Brussels, 13 July 2007
Consumers benefit as market opening leads to
better performing network industries
The performance of network industries, such as
telecommunications, transport and utilities has continued to improve and
consumers are generally satisfied, according to a European Commission report.
The opening up of these industries to competition has benefited users by putting
pressure on service providers to keep their costs and prices down. Access to
services at affordable prices for the less well off is also improving. However,
there are wide variations between sectors and between Member States. In some
Member States delays in market opening and in removing legal and technical
barriers to new entrants have held performance back and competition is
developing only slowly in postal services, the railways and the energy
"The EU's policy of opening the telecoms, transport and other network
industries to competition has been the right one, since this has made them more
competitive putting downward pressure on prices without compromising either the
service or its quality. But much more needs to be done to extract the full
benefits of competition for the consumers of Europe," Economic and Monetary
Affairs Commissioner Joaquin Almunia said.
The Commission's report is the fifth of a series of annual reports, which
examine the performance of network industries, covering telecommunications,
postal services, electricity, gas, air, road and rail transport. Together, these
industries account for around 8% of the EU's value added and employ more than 10
Competition spurs productivity
- Regulatory changes in network industries have created the conditions for the
emergence of more competitive markets, with new and better products on offer.
The number of direct flight routes connecting European cities, for example, has
doubled since 1992. In the telecommunications sector, the roll-out of broadband
access has been greatly stimulated by the EU regulatory framework and households
now have the liberty to choose their electricity supplier according to their
preferred generation method.
- As a result of the changes in their structure, the performance of these
industries has generally improved. Indeed, over the last decade, prices have
either fallen, in particular in the telecommunications (40% in real terms over
the past decade) and air transport sectors, or been contained. The benefits are
less visible in the energy sector as the liberalisation process is more recent
and because of the steep increase in oil and gas prices worldwide since 2004
(the price of the barrel more than doubled and reached an all-time high in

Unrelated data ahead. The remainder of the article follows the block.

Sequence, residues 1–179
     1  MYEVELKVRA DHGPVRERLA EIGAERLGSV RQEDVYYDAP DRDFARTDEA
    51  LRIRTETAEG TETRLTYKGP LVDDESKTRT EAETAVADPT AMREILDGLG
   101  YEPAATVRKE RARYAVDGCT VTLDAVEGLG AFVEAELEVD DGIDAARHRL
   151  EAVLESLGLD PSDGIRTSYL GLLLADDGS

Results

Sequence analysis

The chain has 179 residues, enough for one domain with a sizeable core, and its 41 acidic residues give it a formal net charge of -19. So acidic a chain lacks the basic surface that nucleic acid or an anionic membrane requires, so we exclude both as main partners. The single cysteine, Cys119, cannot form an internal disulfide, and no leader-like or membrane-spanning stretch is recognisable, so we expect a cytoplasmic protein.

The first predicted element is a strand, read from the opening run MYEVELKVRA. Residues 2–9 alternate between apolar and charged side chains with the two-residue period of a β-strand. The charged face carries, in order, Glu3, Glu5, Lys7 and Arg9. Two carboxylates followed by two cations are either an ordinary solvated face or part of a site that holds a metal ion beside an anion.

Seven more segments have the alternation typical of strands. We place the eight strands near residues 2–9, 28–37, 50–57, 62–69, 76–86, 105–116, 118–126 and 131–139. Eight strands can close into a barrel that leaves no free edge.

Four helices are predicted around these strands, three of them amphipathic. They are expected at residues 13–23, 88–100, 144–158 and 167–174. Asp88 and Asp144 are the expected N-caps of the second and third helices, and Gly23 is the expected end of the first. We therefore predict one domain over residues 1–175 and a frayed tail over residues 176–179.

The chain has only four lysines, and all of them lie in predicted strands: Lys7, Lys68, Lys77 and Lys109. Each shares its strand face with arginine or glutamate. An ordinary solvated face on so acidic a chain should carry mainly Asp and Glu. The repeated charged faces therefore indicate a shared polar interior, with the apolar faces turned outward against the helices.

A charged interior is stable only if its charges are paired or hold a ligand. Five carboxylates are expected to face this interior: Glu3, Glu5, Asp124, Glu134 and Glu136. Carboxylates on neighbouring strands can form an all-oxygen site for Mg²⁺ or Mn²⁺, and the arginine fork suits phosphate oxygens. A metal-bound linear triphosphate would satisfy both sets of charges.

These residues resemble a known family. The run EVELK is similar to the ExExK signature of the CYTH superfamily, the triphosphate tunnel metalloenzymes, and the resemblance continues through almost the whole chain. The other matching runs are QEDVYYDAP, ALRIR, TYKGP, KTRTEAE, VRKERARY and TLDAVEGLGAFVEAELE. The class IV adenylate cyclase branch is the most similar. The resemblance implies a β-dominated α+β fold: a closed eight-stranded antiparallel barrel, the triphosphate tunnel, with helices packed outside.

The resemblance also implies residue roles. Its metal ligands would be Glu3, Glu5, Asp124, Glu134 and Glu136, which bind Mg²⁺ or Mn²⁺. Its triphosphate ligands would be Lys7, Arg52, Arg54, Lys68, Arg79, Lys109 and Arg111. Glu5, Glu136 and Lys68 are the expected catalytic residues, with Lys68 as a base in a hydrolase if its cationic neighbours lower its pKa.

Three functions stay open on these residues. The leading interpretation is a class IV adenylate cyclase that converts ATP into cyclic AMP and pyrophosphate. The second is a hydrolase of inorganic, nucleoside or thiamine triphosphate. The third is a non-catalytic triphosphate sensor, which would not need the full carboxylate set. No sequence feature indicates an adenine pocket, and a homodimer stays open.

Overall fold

August 2006 at $78).
In some Member States this unsatisfactory
situation in the energy markets is also a result of the inadequate
implementation of the regulatory framework legislation, notably regarding the
unbundling of generation and network infrastructure.
- Productivity in network industries has grown faster than in the rest of the
economy: indeed, over the period 1993-2003, annual labour productivity growth in
the communications sector (7.6%) and the energy and water sectors combined
(5.9%) outpaced the economy as a whole (1.8%). In many cases, productivity
increases were accompanied by employment growth, allaying beliefs that there is
necessarily a trade-off between the two. Furthermore, in many Member States the
number of jobs created by new entrants in the telecommunications sector, for
example, greatly outnumbered the job losses at the incumbent companies.
- The quality and accessibility of the services provided has also remained
stable even though there is room for improvement. In the meantime the services
have become more affordable, in particular in the new Member States. Low-income
households, who tend to spend a higher share of their outgoings on network
industry services, are likely to benefit most.
- Against the background of this improved performance, recent consumer
satisfaction surveys indicate that
consumers in the EU are generally satisfied with the services offered. The
majority of consumers (50-70%) also consider their interests to be "well
protected". In 2006, the Commission adopted for the first time a list of
airlines banned from the European airspace for failing to meet minimum safety
standards. At the same time the rights of persons with reduced mobility
travelling by air were strengthened.
- Despite these improvements and overall satisfaction, consumers still show
some reluctance or inertia when it comes to switching to new market entrants, an
attitude that may be attributed to switching costs and the difficulty of
comparing different offers ( 38% cite such difficulty).
- The report also points to the need to further integrate the markets at EU
level. Insufficient powers of the regulatory authorities in some Member States,
inadequate capacity or inefficient use of cross-border interconnections and the
vertical integration of transport, distribution and supply activities are some
of the obstacles that prevent consumers from fully reaping the benefits of
competition. The Commission will propose legislation later this year to
strengthen the regulatory framework, notably with regard to the management of
radio spectrum in telecommunications and separating the operation of energy
transmission networks from generation and supply activities.
full text of the report and a detailed annex are available at